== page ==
Your governing documents may permit the appointment of an individual or inspectors of election to ensure it is conducted in an objective, unbiased way. In some instances, the judiciary committee or the covenants committee can serve as election inspectors. It’s critical that each member/owner acknowledge the receipt of their ballot or absentee ballot. This registration process ensures of a fair election. 
 
Tip: Creating templates for notice, nominations, candidate information sheets, ballots, etc. makes the annual meeting preparation much simpler and helps to avoid confusion. How will you list the candidates’ names so there is no appearance of favoritism? Alphabetical order is a standard practice, but not necessarily the only method.
 
5. Establish a quorum.
A quorum is the minimum number of owners who must respond to the ballot initiative – either in person or by proxy – in order to effect a binding election. The percentage of owners needed to reach a quorum is explicitly stated in your by-laws. Without a quorum, your annual meeting cannot officially take place, which means an election will not be able to be held. The meeting may only move forward as an “informational” one. 
 
Be sure to record the baseline quorum requirements and maintain the sign-in sheet and proxies/absentee ballots as documentation that quorum was met. These records are proof the election was handled in a legal and fair manner.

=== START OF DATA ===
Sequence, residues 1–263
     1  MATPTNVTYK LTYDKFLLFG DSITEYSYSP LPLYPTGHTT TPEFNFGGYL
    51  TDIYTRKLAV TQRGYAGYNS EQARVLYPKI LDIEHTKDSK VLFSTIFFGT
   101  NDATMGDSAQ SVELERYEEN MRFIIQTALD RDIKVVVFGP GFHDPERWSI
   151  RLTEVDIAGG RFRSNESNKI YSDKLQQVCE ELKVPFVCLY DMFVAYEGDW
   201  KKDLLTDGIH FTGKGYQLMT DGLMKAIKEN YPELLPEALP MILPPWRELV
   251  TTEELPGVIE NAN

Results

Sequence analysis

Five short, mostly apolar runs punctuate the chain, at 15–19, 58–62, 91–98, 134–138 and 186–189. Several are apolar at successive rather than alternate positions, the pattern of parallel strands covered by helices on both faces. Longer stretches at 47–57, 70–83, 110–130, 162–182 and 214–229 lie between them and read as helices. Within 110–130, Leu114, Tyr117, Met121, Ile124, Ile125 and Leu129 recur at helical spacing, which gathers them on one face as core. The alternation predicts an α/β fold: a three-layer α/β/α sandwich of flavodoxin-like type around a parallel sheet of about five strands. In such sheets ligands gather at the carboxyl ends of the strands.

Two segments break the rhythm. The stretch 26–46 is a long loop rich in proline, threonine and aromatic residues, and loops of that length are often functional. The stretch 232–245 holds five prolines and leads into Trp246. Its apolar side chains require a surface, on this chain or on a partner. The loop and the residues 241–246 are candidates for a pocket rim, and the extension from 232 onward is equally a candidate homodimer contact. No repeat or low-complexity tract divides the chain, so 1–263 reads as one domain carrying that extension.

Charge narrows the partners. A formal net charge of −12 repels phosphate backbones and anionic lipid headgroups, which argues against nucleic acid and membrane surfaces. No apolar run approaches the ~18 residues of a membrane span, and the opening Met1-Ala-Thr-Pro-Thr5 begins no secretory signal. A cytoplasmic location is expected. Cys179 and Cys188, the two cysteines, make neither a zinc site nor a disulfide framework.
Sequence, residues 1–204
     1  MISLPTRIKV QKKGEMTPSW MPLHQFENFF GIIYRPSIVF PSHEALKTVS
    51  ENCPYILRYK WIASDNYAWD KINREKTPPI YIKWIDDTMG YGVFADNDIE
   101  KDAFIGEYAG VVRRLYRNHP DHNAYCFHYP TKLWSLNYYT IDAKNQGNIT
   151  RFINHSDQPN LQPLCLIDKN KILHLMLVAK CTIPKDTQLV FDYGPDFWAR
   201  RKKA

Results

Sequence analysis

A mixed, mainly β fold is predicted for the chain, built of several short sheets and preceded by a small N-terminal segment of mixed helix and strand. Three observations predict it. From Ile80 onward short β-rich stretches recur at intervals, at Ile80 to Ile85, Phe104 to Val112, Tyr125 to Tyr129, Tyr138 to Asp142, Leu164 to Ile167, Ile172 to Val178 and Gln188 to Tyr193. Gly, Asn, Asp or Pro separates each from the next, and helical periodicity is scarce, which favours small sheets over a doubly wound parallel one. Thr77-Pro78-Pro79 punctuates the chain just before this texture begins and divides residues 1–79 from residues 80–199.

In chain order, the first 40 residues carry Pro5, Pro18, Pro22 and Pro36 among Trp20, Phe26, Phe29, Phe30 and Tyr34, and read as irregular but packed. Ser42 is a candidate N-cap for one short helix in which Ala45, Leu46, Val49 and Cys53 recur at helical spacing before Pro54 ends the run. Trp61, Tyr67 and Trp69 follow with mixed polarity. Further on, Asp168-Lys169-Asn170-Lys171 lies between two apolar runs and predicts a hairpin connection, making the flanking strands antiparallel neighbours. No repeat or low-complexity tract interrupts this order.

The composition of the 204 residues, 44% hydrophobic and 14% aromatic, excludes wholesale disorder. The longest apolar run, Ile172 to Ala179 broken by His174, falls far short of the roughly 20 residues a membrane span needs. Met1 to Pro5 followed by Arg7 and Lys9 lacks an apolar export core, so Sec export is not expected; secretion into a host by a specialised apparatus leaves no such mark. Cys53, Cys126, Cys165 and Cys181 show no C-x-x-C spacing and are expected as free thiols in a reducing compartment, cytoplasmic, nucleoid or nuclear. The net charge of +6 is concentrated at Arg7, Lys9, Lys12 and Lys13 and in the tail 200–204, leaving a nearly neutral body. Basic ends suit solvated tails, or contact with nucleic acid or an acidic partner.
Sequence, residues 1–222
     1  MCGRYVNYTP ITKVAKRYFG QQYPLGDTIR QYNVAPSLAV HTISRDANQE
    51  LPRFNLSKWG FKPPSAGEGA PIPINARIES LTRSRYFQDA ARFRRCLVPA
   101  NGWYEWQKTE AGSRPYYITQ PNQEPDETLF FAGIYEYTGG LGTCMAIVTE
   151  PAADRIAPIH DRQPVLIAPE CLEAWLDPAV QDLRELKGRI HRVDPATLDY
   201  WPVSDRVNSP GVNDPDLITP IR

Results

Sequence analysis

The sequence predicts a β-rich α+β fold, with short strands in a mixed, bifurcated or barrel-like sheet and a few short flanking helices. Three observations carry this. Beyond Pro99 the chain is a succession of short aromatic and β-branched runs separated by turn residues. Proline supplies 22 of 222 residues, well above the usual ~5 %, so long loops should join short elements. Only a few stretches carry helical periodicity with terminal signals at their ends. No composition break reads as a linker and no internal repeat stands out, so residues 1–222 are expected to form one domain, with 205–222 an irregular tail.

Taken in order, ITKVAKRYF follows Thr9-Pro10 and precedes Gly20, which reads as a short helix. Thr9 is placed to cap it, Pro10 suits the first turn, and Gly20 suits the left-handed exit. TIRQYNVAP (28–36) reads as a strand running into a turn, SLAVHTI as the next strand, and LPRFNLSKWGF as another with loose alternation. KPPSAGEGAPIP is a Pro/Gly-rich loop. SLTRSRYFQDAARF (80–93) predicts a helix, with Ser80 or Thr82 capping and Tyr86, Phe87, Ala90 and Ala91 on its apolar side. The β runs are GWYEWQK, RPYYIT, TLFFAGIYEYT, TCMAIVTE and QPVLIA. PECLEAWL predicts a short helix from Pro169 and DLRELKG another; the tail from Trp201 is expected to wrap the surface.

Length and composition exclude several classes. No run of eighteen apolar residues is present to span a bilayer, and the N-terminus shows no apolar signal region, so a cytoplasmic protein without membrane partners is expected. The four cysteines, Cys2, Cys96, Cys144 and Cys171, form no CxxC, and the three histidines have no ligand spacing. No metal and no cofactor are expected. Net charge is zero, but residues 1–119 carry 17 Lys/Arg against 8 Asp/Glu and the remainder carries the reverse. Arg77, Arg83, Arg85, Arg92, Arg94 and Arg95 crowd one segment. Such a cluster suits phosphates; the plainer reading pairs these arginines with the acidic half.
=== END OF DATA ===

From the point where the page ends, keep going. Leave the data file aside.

6. Count your votes reliably. 
Whether cast by machine or on paper, make sure all ballots are counted in a way that complies with tally procedures – and ensure that these procedures are clearly explained to appointed judges prior to the election. 
 
7. Tabulate and record the results. 
Now’s the time for your election committee to tabulate the results and deliver the data to management. You may wish to have legal counsel present for this part of the process. The total tabulation should include total votes cast in person, total number of absentee and proxy votes, and total number of invalid votes. 
 
TIP: If you have a professional property management company, they should create a file for storing the tabulated results, which are required to be retained according to your records retention guidelines reflected in your governing documents. 
 
Preparing for and conducting board member elections at an annual meeting can be a daunting task but, it doesn’t need to be when you have the guidance of an experienced and thorough property management company. With a managing agent as your trusted partner, you can rest easy knowing that you are maintaining compliance with your building’s by-laws during every step of the process and ensuring an efficient and successful outcome. For more information, contact FirstService Residential. 
 
Are you a board member in a condominium or cooperative building? Sign up now to receive future articles covering best practices in residential property management. You will also have an opportunity to attend FirstService Residential’s exclusive Board Member Roundtable Series designed to promote the exchange of ideas and best practices among New York City condo and co-op leaders.